The Psychology Behind Why Some People Won't Drink Recycled Water

The reasoning behind what grosses us out isn’t always rational. For instance, despite the fact that we can recycle sewage into completely clean, potable drinking water, even people in the most drought-prone regions just can’t get beyond the fact that it used to have poop in it. Why? Let MinuteEarth explain—with the help of animated turds—why disgust is so powerful. 

Still, not everyone finds the same things disgusting, or to the same degree. And what you find truly gross can impact more than just your opinions on drinking recycled water. In fact, a 2014 study found that political affiliation can be linked to how the brain responds to disgust: liberals had very different neural responses to gross images than conservatives did. 

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Scientists Think They Know What Causes Trypophobia

Picture a boat hull covered with barnacles, a dried lotus seed pod, milk bubbles on a latte, or a honeycomb. Images of these objects are harmless—unless you're one of the millions of people suffering from trypophobia. Then they're likely to induce intense disgust, nausea, and fear, and make your skin crawl.

Coined fairly recently, the term trypophobia describes the fear of clusters of holes. The phobia isn’t recognized by the Diagnostic and Statistical Manual of Mental Disorders, but its visibility on the internet suggests that for many, it’s very real. Now, scientists in the UK think they've pinpointed the evolutionary mechanism behind the reaction.

Tom Kupfer of the University of Kent and An T. D. Le of the University of Essex shared their findings in the journal Cognition and Emotion. According to their research, trypophobia evolved as a way to avoid infectious disease. Thousands of years ago, if you saw a person covered in boils or a body covered in flies, a natural aversion to the sight would have helped you avoid catching whatever they had.

But being disgusted by skin riddled with pathogens or parasites alone doesn't mean you're trypophobic; after all, keeping your distance from potential infection is smart. But trypophobia seems to misplace that reaction, as the authors write: "Trypophobia may be an exaggerated and overgeneralized version of this normally adaptive response."

Lotus pod.
Lotus seed pods are a common trigger of trypophobia.

This explanation is not entirely new, but until now little research has been done into whether it's accurate. To test their hypothesis, the scientists recruited 376 self-described trypophobes from online forums, and another 304 college students who didn't claim to have the affliction. Both groups were shown two sets of images: The first depicted clusters of circle-shaped marks on animals and human body parts (the "disease-relevant cluster images"); the second showed clusters of holes on inanimate objects like bricks and flower pods ("disease-irrelevant cluster images"). While both groups reported feeling repulsed by the first collection of photographs, only the trypophobes felt the same about the pictures that had nothing to do with infection.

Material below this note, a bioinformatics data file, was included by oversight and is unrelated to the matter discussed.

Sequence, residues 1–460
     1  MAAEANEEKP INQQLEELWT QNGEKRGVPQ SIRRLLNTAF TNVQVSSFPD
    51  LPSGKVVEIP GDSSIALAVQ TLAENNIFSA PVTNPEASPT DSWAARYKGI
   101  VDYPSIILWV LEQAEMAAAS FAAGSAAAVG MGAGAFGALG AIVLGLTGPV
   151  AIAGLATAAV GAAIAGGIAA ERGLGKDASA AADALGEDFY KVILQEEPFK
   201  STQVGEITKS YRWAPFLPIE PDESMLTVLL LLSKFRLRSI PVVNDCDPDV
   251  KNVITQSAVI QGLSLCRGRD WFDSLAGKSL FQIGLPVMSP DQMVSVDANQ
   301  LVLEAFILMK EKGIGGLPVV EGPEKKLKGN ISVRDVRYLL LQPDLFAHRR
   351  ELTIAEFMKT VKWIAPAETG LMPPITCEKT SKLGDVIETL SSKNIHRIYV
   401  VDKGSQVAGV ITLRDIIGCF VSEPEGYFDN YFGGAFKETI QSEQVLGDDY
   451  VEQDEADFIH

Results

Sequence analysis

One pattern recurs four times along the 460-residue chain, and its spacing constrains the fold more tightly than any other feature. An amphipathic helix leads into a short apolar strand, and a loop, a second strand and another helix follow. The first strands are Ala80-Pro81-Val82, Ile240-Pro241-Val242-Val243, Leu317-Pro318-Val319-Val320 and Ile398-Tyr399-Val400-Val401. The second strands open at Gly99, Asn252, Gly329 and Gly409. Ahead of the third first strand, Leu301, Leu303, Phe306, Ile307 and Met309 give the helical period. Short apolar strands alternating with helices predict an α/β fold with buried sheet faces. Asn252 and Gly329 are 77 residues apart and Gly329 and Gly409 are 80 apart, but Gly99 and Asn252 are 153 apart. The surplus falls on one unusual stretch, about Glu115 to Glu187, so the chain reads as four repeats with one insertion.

Another takeaway from the study is that trypophobia is more related to sensations of disgust than fear. This sets it apart from more common phobias like arachnophobia (fear of spiders) or acrophobia (fear of heights). And you don't have to be trypophobic to be disgusted by a video of Suriname toadlets being born through holes in their mother's back. We can all be grossed out by that.

Disposable Sheets Allow College Kids to Avoid Laundry Forever

At college, many young people start to stretch their adult wings for the first time, learning how to be independent and take care of themselves without any hovering parents. Some things, however, are hard to adjust to—like figuring out how often to wash your sheets. Luckily, as Curbed recently highlighted, college students don’t need to worry about how they’re going to get clean sheets anymore. They can just buy one-use, disposable ones from Boston-based company Beantown Bedding, which sells sheet sets that never need to be washed. Just throw them in the compost bin and buy another set.

The company was founded by two women who, after sending their teens off to college, discovered that college kids are really terrible at doing their laundry. “As a result, they become the victims of a sickening accumulation of sweat, body oils, bacteria, germs, and dead skin cells which host millions of dust mites,” they write on the company website, blaming frequent student sickness on unwashed sheets. But laundering your bedding is a lot of work, they argue. “It didn’t take long for Kirsten and Joan to realize that washing and drying sheets just takes too much time.”

Do people typically wash their own sheets on vacation? And does it take an entire day?

The biodegradable one-use sheets—which the company also bills as a resource for hospitals and the hospitality industry—are made from eucalyptus wood pulp, but they still probably don't live up to the company's "eco-friendly" description. While the sheets may not need to go in the landfill, that doesn’t mean that manufacturing a ton of disposable sheets doesn’t require environmental resources.

Twin sheet sets start at $20, and yes, you can get a monthly subscription.

[h/t Curbed]

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